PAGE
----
Iranian hotels ready to welcome foreign tourists
Iranian hotels are ready to receive foreign tourists as the issuance of tourist visas and the flow of foreign tourists from land and air borders will be resumed this month.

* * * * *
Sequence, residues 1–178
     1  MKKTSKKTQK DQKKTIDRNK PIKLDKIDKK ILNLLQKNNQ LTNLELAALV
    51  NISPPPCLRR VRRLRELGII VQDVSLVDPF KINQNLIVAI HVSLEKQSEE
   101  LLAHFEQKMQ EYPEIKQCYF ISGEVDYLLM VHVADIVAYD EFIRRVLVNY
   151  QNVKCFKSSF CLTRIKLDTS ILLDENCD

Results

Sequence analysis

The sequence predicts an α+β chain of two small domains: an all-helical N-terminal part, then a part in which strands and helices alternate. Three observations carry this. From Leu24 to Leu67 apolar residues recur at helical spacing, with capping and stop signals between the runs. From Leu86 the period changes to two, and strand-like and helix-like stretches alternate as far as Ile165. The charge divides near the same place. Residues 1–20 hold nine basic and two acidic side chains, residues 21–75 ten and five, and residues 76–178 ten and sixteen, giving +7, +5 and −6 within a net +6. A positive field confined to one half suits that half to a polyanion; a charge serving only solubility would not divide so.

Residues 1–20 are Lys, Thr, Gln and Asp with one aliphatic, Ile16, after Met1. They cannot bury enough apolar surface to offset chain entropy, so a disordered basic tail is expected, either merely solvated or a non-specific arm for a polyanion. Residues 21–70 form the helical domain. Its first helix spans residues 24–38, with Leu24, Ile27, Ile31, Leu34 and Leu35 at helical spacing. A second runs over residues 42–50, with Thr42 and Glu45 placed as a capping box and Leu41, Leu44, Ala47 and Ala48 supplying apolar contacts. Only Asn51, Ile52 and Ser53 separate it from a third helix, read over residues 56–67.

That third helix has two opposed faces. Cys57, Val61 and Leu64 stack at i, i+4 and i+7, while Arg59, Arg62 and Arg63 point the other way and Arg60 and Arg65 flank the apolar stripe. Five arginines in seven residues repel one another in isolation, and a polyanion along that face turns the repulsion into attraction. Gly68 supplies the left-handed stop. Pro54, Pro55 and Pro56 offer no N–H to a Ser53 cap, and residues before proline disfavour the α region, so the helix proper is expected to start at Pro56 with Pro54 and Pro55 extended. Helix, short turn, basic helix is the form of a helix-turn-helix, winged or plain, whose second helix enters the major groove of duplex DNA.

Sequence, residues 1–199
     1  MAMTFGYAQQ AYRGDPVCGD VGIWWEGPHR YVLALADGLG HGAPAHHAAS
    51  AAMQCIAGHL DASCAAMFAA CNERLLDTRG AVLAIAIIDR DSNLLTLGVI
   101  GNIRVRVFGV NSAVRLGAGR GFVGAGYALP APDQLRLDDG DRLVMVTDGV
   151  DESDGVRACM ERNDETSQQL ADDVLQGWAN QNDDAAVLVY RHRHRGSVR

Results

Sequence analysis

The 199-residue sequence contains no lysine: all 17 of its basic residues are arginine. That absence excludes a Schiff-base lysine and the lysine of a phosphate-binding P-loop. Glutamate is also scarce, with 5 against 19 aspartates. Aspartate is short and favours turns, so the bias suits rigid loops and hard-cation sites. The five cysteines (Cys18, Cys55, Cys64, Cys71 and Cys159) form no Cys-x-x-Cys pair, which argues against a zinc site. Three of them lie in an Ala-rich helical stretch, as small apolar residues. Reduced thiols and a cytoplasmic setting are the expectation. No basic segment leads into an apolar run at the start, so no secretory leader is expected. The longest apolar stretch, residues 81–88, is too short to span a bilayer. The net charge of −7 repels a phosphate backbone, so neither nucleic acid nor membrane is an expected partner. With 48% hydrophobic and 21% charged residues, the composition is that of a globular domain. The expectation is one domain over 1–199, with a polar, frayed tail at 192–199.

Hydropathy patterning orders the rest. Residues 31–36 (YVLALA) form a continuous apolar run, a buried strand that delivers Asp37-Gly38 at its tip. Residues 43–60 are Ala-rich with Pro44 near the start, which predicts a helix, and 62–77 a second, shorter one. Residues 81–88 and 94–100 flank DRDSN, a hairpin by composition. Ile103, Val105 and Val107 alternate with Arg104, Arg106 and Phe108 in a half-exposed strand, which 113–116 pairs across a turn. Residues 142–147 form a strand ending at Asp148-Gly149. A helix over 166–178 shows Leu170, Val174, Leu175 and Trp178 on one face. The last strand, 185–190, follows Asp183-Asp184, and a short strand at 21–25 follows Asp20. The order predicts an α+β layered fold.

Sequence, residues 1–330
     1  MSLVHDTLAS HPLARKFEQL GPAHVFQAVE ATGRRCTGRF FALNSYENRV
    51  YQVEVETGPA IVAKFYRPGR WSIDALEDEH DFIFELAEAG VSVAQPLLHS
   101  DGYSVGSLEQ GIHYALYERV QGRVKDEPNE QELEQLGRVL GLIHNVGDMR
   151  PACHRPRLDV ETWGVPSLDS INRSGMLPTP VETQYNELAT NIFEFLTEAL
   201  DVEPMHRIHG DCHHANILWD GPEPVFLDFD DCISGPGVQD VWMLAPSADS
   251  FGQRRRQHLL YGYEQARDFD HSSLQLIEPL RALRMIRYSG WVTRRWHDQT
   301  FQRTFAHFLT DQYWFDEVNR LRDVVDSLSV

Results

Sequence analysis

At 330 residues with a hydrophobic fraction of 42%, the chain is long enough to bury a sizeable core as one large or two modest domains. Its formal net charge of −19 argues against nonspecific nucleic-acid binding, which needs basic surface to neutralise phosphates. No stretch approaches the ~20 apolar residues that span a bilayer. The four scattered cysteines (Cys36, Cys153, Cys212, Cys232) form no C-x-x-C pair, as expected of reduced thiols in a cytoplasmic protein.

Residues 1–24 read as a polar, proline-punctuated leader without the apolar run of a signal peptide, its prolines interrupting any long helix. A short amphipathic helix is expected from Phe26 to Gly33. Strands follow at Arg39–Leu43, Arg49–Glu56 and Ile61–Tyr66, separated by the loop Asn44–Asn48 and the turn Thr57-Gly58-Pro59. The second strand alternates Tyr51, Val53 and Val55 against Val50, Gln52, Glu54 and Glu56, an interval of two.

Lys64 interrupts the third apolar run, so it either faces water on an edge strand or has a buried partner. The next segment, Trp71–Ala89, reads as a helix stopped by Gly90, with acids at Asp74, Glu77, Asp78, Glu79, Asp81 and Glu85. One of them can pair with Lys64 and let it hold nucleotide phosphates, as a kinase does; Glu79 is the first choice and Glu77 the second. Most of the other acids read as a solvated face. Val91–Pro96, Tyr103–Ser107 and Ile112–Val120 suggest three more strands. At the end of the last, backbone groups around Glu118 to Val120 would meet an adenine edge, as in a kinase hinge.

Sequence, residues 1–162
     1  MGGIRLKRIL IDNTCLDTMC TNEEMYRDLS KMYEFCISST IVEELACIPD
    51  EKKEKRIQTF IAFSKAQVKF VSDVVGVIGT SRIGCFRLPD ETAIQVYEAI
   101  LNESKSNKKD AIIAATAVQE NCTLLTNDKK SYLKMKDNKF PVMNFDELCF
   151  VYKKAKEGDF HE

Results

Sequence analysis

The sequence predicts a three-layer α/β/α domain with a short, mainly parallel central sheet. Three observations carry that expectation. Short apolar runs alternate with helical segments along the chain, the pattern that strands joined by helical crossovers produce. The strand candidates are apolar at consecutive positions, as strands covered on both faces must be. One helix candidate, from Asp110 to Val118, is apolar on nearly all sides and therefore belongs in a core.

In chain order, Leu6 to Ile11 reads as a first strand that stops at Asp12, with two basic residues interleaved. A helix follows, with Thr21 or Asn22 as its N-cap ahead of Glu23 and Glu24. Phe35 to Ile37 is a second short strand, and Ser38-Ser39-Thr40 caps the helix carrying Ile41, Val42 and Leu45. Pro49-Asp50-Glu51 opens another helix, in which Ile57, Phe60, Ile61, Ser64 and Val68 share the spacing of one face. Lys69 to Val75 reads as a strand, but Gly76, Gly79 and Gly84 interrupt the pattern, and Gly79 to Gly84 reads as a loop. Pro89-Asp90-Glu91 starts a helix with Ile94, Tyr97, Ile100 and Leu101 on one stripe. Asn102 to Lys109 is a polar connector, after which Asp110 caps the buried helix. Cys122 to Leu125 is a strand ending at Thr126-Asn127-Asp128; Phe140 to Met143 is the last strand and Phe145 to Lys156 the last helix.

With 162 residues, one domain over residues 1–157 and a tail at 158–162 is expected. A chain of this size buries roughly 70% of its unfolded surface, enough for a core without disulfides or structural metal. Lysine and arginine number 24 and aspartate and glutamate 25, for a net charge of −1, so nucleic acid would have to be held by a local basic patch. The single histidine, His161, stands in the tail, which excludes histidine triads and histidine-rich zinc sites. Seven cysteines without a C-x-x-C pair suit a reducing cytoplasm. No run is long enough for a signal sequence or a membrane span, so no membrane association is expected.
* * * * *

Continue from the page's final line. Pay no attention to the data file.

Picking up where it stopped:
Ninety percent of the hotel staff have been vaccinated against the coronavirus so far, so the hotels are ready to welcome foreign tourists, observing strict health protocols, the head of the Association of Iranian Hoteliers has announced. To ease the travel process, individual foreign tourists could confirm the reservations of accommodation centers at the border, CHTN quoted Jamshid Hamzehzadeh as saying on Monday. The destinations of foreign tourists in Iran are to specific cities such as Mashhad, Qom, Tabriz, Shiraz, Yazd, and Isfahan, and to return to the figure of over eight million incoming tourists before the outbreak of the coronavirus, serious planning is required, the official added. Iraqi tourists will flood the country once the borders open, but attracting tourists from Europe will require some time, he noted. Foreign advertising in foreign media and press, on the internet, and through well-known international bloggers should also be planned and taken seriously, he mentioned. Earlier this month, the official noted that Iranian hotels have lost 202 trillion rials (some $4.8 billion at the official exchange rate of 42,000 rials per dollar) of potential revenues due to the COVID-19 pandemic. Two-thirds of the hotel staff have lost their jobs as well, he added. Back in September, Hamzehzadeh announced that all employees of accommodation centers across Iran are scheduled to be vaccinated against the coronavirus. “To vaccinate staffs of all accommodation centers, including eco-lodges, apartment hotels, and guest houses, as well as hotels, more coordination with the Ministry of Health is needed,” he added. Back in July, ISNA reported that the tourism industry of the country has suffered a loss of some 320 trillion rials ($7.6 billion at the official exchange rate of 42,000 rials per dollar) since the outbreak of the coronavirus pandemic. The pandemic has also ruined more than 44,000 jobs in a once budding travel sector of the country, the report added. Experts believe accommodation centers suffered the most as a result of the outbreak of the coronavirus in Iran and its subsequent unemployment and financial losses. Iran plans to resume issuing tourist visas Back in September, Cultural Heritage, Tourism and Handicrafts Minister Ezzatollah Zarghami announced that by the order of President Ebrahim Raisi the issuance of tourist visas and the flow of foreign tourists from land and air borders will be resumed from the month of Aban (Oct. 23 – Nov. 21) following 19 months of suspension. Months of steep recession has taken its toll. Many travel insiders, hoteliers, and tour operators have faced big dilemmas such as bankruptcy, unemployment, debts, and the prospects of not being competitive on the international level. They now have good grounds of hope as Zarghami announced on September 19 that the country plans to lift visa restrictions to help the severely hit tourism industry. Meanwhile, the number of people testing positive for COVID-19 has continued to fall in the Islamic Republic, curbing a stubborn fifth wave of the pandemic, which has seen daily mortalities of up to 700 in recent weeks. As of September 22, the figure dropped to below 300 as the government has devoted a great deal of effort to vaccinate citizens against the nasty virus. Some experts believe Iran is still somehow “unknown” for many potential travelers due to Western “media war”. Several estimates have been released so far on the extent of the tourism-related losses incurred by the pandemic. Only months into the outbreak, Zarghami’s predecessor, Ali Asghar Mounesan, lamented that the number of foreign travelers to Iran was drastically plunged due to the pandemic. “Tourism of the country was growing before the corona [outbreak], its revenues reached $11.7 billion in 2019, which accounted for 2.8% of GDP, nearing the average share of tourism in the world GDP, which was 3.2 percent,” Mounesan said. He added 8.7 million foreign nationals visited Iran during the [Iranian] year (1398), adding that Iran was ranked as the second fastest-growing country in tourism based on data compiled by the World Tourism Organization. Iran is potentially a booming destination for travelers seeking cultural attractions, breathtaking sceneries, and numerous UNESCO-registered sites. Under the 2025 Tourism Vision Plan, Iran aims to increase the number of tourist arrivals from 4.8 million in 2014 to 20 million in 2025.